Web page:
Protect Big Trees, Wildlife & Water


Just days before leaving office, the Trump administration rolled back protections for big trees, old growth forests and wildlife on public lands in Eastern Oregon.

Big trees store immense amounts of carbon, protect water, and provide homes for animals. Experts tell us that just 3% of the trees hold 42% of the carbon in the forest.


Tell your representatives to protect the best of what’s left in Oregon’s forests. Our biggest and oldest trees provide critical habitat for wildlife, store carbon, and are resilient to wildfire.

Big trees make up only 3% of our forests


Let’s protect them, not cut them down. The Eastside Screens and the 21″ rule are the bedrock that have protected big, old growth trees from logging for over two decades.


Learn More About Big Trees

The new administration has promised to listen to the public and the top scientists. If they mean it, they will withdraw this decision to remove protections on big trees in Eastern Oregon.

Ask Oregon’s senators to work with the Biden administration to protect big trees, wildlife and water.

Why restore protections for the big trees?


The logging industry already has access to most of the other trees in Central and Eastern Oregon’s national forests. The protections known as the Eastside Screens were adopted in 1995 after decades of logging depleted old growth Ponderosa pine, Western Larch, Douglas fir, and Grand fir across Eastern Oregon. After decades of logging, few big trees remain.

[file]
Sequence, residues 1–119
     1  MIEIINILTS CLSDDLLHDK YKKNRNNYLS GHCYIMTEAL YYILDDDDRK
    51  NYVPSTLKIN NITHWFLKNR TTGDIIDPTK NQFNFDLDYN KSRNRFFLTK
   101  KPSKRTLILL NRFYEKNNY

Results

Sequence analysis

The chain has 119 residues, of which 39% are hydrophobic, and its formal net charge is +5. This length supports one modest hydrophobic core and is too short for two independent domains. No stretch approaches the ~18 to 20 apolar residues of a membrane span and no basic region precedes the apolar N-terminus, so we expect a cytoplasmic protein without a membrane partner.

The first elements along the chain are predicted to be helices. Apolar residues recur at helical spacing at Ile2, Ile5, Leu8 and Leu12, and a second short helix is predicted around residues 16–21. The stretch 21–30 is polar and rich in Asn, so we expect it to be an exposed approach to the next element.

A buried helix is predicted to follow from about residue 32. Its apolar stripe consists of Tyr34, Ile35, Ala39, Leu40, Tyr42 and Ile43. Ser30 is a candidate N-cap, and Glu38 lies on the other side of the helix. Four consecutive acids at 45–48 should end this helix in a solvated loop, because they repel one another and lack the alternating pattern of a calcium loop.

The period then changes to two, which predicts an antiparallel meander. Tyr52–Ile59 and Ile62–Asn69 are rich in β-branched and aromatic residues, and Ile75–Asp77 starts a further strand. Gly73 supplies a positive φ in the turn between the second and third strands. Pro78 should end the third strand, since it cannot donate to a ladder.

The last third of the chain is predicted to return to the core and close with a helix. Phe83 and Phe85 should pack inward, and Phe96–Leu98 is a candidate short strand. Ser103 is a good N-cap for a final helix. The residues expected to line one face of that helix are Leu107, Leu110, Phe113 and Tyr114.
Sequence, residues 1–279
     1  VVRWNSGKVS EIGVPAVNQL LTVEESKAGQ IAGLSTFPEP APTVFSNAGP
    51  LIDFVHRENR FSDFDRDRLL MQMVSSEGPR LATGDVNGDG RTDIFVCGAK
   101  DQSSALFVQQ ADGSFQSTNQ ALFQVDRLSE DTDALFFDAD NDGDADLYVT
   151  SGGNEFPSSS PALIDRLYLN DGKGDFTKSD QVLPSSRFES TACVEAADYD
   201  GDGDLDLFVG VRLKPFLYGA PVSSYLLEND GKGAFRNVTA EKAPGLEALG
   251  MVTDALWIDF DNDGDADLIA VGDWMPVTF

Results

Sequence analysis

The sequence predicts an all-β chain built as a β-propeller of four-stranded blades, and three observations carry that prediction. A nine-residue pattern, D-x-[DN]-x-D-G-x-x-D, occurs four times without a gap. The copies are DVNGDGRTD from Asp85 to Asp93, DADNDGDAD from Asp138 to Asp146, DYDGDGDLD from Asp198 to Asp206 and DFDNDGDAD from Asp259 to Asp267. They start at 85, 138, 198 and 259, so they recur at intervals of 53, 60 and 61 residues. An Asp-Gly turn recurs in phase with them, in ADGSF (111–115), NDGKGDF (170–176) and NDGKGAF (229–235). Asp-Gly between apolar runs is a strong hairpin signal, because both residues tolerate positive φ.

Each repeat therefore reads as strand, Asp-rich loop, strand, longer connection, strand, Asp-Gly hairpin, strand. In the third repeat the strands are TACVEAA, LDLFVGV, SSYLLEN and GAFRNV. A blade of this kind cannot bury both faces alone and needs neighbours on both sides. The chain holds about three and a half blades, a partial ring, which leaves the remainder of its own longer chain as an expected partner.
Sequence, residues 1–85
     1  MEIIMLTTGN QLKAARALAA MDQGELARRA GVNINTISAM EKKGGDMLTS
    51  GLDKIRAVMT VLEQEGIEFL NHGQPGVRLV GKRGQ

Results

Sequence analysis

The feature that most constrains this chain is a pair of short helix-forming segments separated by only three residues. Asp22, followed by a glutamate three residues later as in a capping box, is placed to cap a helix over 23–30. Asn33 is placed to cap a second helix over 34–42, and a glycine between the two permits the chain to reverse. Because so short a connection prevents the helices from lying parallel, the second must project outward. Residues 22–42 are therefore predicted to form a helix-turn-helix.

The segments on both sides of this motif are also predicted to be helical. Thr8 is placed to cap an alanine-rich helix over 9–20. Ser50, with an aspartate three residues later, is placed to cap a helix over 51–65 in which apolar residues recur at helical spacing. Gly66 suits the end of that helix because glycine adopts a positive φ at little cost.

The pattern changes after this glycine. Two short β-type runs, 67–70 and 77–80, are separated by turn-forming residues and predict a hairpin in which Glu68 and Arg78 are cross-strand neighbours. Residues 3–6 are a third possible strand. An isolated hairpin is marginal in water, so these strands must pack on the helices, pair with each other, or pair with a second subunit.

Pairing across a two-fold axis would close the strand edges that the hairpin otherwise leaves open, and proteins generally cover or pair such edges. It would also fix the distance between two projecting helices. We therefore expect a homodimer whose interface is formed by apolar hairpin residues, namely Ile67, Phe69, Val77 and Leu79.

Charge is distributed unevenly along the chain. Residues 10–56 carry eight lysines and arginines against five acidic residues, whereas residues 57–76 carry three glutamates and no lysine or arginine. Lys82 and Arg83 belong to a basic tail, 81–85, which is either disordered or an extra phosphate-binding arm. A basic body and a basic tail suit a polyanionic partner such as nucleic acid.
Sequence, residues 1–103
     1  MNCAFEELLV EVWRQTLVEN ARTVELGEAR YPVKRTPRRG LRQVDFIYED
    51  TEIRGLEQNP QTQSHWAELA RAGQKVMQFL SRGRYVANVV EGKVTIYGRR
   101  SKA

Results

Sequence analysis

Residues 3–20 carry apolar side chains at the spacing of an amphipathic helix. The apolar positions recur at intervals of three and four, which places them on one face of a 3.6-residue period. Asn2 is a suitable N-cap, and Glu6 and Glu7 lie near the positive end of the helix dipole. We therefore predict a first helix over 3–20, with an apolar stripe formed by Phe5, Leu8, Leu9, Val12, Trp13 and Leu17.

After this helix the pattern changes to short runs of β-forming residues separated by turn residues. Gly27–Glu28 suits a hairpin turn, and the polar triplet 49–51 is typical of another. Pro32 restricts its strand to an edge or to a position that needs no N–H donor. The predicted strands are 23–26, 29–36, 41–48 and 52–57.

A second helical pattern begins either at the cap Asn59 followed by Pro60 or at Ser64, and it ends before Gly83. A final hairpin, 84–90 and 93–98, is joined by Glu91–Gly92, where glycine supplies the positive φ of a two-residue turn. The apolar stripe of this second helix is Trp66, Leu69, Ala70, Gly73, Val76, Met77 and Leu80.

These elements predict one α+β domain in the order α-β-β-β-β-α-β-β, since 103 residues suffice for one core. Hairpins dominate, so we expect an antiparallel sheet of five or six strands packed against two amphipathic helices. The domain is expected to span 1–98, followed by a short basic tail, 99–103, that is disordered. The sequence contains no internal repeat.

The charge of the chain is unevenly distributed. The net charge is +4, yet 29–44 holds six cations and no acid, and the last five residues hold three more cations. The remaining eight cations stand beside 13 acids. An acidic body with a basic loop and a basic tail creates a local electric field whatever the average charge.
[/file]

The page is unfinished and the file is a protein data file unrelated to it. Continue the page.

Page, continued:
You can help restore protections for big trees, old growth forests, wildlife and water on over 9 million acres of public lands in Oregon and Washington.  Join with over 100 independent expert scientists, local residents, and native tribes who opposed the rollback.

The Trump administration ignored science. They ignored the public. They revoked forest protections across Oregon in the eleventh hour. We can change course.

The new administration has issued an executive order to review decisions made by the Trump administration. The science is clear.

Let your representatives know we need protections for old growth and big trees in Eastern Oregon.

Old growth trees have what it takes to survive wildfire


They create shade that keeps forests cooler and wetter.

Removing big, old trees makes our forests hotter, drier and more fire prone.

To reduce the spread of wind and drought-driven wildfires, we need to focus our efforts near homes and communities.  Cutting down big, old trees deep in the forest puts us more at risk from fire.

“New federal guidelines allow cutting large trees that have been off-limits to logging for nearly three decades across 8 million acres of Eastern Oregon.”

– Bradley W. Parks, Oregon Public Broadcasting

Big trees provide homes for wildlife


In Eastern Oregon, the largest trees provide key habitats for our wildlife. The pygmy nuthatch, white-headed woodpecker, pileated woodpecker, the Pacific fisher, great grey owls, Northern Goshawk and many more animals rely on these trees. These big trees are just 3% of the forest and essential for wildlife.

Indigenous People have lived on this landscape for thousands of years and should be given significant and meaningful consideration in these decisions, including the Confederated Tribes of the Umatilla Indian Reservation, Confederated Tribes of the Warm Springs, Burns Paiute Tribe, Klamath Tribes, Nez Perce Tribe, Fort Bidwell Tribe, and more.

Take action today!

Ask the new administration to listen to science and the public — withdraw the decision and protect big, old fire-resistant trees in Oregon.